Annie Mcloud starts her day by blessing her husband and kids with a prayer of protection as they go about their day. After she spends time in devotion praying and reading God’s word, she gets the kids up for breakfast- for her, toast and hot chocolate, and the kids gets oatmeal, eggs and sausage, or a Toaster Strudel.
By Jepera Puryear
Mcloud originally came from a small town 10 minutes outside of Montego Bay, Jamaica. Mcloud arrived in Florida in April 2015 and came to Savannah in January 2016. According to the United States Department of State, hundreds of thousands Jamaicans visit the U.S. each year.
“It only allows you to visit the country up to six months,” she said, but Mcloud doesn’t plan to leave. She’s in the process of applying for a religious visa. Annie Mcloud is not her real name, but one she agreed to use for this story because she’s afraid of being deported. All the names in this story are changed to protect her identity.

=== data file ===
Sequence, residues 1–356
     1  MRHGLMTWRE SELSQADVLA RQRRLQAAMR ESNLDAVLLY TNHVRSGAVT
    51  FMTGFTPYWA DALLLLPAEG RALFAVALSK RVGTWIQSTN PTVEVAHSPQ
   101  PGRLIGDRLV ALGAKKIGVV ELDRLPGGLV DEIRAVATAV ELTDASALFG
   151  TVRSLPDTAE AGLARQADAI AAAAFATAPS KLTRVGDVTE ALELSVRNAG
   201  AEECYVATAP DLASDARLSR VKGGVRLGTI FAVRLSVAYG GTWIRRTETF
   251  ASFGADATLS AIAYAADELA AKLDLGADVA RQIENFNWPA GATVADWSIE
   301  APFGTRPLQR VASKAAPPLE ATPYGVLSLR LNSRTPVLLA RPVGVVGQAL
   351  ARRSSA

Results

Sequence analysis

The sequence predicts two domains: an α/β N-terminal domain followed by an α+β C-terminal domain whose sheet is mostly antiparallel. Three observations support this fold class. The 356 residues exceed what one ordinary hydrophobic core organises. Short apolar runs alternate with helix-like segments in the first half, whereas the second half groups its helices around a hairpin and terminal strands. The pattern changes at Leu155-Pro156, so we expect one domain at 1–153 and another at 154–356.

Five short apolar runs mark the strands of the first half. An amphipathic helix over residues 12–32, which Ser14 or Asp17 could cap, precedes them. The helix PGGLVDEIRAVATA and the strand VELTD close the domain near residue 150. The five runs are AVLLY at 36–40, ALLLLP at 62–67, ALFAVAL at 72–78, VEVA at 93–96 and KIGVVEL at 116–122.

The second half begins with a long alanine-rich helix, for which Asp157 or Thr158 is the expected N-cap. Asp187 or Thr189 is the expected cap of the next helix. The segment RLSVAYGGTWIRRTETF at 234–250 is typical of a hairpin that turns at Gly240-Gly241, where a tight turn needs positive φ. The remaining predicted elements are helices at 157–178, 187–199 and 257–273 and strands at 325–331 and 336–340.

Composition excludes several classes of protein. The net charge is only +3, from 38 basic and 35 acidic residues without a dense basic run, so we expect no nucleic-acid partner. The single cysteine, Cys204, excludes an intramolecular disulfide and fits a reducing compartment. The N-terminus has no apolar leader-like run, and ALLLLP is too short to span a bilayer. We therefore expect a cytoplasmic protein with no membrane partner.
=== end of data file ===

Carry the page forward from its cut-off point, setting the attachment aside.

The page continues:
Mcloud came to the United States with her young child, who was 5 at the time, and a baby in her womb. An ultrasound showed her child would be born without a cerebrum, which is the part of the spine connected to the brain. This is the part of the brain that sends signals to the whole body. Mcloud’s high-risk pregnancy pushed her to seek U.S. doctors, who she felt were more equipped to handle her situation.
After he was born in June 2015 she went back to Jamaica in August 2015. She began to fast and pray because she knew her son needed treatment that was in the United States. Mcloud says fasting helped guide her to do ministry in the United States with the Church of Christ, even though her initial thoughts were to get treatment in for her child, who is an American citizen.